Understanding variations in parental advice and interest: a focus on differences and similarities in educational attainment between parents and their adult children
Brett Ory, Erasmus University Rotterdam
Renske Keizer, Erasmus University Rotterdam
Pearl Dykstra, Erasmus University Rotterdam
The relationship between educational attainment and parental advice and interest in adult children is not well understood. Although prior studies have given attention to how parental support is influenced by dyad characteristics such as residential propinquity, relationship quality, or prior support, few studies have considered educational attainment as a dyad characteristic. Yet the educational status of the both the parent and child might affect parental advice and interest if educational similarities provide common ground for parents and children’s interests while educational differences give parents authority with which to dispense advice. This article considers the role of education as both an individual and dyad characteristic in influencing parental advice and interest in the Dutch context. Using the multi-actor survey Netherlands Kinship Panel Study (N = 2,601 parent-child dyads in 1,717 families), we find that children receive advice and interest more frequently in dyads where both parent and child are highly educated. Despite these commonalities, important differences exist for mother-child and father-child relationships. While fathers give advice more frequently within highly educated father-child dyads compared with lower educated dyads, maternal advice does not depend on education level, possibly indicating that different mechanisms drive mothers’ and fathers’ advice. Findings reinforce that education is an important predictor of parental advice and interest.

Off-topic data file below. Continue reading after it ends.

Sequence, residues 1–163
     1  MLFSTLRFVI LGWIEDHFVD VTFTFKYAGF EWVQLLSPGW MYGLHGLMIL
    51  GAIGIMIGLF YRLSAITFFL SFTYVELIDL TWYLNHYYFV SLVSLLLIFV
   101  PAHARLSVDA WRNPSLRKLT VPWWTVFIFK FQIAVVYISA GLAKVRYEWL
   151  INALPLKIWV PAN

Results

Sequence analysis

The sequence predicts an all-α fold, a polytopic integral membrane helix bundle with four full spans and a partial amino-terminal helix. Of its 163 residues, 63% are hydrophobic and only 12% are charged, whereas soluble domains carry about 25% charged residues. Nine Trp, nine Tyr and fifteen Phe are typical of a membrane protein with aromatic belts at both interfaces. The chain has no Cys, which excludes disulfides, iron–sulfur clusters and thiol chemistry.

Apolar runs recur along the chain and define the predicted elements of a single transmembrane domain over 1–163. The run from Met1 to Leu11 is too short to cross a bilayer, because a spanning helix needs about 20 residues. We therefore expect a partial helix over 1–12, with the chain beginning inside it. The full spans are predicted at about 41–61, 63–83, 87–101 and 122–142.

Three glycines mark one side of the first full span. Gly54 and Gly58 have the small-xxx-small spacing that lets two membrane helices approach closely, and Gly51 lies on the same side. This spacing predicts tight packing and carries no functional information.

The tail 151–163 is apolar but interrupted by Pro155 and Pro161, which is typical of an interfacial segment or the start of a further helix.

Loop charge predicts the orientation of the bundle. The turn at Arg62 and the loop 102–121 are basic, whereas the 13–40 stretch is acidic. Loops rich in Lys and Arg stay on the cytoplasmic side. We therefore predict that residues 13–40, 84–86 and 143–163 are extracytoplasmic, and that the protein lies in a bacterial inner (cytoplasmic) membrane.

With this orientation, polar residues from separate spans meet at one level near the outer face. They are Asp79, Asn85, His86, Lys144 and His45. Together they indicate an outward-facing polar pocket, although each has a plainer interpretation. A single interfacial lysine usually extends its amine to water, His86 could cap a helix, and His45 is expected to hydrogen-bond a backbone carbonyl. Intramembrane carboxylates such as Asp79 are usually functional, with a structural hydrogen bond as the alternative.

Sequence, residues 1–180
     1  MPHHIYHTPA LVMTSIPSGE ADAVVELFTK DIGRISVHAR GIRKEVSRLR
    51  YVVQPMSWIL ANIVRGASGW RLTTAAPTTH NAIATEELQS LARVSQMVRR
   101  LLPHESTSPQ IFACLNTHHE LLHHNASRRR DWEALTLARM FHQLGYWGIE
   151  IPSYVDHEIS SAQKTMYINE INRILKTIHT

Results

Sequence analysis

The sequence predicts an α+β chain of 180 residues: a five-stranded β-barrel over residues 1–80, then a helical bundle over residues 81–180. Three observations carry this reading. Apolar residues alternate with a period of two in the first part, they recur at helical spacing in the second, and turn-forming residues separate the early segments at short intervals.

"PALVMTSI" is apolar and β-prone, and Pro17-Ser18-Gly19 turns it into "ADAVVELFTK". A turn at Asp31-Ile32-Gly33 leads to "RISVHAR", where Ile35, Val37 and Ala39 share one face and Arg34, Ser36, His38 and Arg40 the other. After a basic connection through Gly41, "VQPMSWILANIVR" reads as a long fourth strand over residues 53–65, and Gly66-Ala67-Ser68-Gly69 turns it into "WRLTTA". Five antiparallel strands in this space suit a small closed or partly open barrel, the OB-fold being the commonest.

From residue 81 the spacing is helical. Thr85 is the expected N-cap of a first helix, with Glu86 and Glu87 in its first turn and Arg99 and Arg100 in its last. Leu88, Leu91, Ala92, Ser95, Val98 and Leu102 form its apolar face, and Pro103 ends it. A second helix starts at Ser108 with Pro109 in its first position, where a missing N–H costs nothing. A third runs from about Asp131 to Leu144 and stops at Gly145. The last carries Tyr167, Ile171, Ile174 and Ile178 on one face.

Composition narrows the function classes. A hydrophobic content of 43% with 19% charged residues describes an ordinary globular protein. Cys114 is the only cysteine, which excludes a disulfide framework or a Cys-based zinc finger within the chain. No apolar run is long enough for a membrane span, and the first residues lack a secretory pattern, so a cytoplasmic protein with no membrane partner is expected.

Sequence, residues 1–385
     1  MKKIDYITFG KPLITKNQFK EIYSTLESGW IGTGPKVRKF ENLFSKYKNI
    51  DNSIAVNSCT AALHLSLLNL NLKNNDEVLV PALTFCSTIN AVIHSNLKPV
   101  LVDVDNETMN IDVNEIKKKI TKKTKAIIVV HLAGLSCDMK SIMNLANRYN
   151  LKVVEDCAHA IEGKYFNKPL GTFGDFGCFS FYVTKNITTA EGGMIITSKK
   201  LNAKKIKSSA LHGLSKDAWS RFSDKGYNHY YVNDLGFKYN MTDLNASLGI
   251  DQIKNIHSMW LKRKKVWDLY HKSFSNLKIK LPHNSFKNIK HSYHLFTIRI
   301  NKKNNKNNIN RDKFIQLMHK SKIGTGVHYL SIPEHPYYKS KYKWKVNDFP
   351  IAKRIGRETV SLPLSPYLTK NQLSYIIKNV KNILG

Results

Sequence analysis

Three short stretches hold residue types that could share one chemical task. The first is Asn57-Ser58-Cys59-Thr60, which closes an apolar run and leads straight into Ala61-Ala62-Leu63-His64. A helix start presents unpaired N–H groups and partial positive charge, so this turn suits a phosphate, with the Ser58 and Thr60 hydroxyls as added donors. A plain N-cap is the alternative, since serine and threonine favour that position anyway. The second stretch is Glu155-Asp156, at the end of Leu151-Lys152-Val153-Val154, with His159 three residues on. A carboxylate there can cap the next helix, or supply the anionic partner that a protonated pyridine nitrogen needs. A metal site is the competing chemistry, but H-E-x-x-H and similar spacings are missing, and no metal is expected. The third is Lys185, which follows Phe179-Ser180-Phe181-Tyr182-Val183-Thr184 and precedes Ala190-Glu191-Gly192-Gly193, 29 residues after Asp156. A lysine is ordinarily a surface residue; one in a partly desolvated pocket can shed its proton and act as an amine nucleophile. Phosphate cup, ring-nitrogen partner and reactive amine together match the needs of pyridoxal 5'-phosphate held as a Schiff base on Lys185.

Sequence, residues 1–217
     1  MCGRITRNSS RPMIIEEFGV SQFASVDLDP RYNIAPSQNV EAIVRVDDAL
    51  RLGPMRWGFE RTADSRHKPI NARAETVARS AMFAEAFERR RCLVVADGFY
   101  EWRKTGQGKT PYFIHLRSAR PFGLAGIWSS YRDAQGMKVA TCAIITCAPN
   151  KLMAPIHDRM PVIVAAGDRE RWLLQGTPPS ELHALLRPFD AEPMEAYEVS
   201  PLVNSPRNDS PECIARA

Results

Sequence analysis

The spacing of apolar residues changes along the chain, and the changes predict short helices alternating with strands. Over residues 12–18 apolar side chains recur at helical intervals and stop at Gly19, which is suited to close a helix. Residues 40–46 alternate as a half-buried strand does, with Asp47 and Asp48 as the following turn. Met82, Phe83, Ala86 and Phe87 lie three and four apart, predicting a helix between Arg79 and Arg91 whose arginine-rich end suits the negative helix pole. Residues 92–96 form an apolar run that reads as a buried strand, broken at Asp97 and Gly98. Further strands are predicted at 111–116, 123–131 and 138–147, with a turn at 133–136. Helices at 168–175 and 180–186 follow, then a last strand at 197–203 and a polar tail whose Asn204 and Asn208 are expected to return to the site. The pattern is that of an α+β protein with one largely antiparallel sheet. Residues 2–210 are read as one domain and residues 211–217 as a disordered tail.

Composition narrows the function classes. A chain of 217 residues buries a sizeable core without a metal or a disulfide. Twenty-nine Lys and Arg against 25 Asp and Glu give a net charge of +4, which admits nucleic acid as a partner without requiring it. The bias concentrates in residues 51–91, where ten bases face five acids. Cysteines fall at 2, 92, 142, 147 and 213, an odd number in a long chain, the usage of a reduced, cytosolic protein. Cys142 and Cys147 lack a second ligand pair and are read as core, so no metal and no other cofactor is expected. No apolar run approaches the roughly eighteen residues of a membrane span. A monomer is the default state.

Presented in Session 33: Quality of intergenerational ties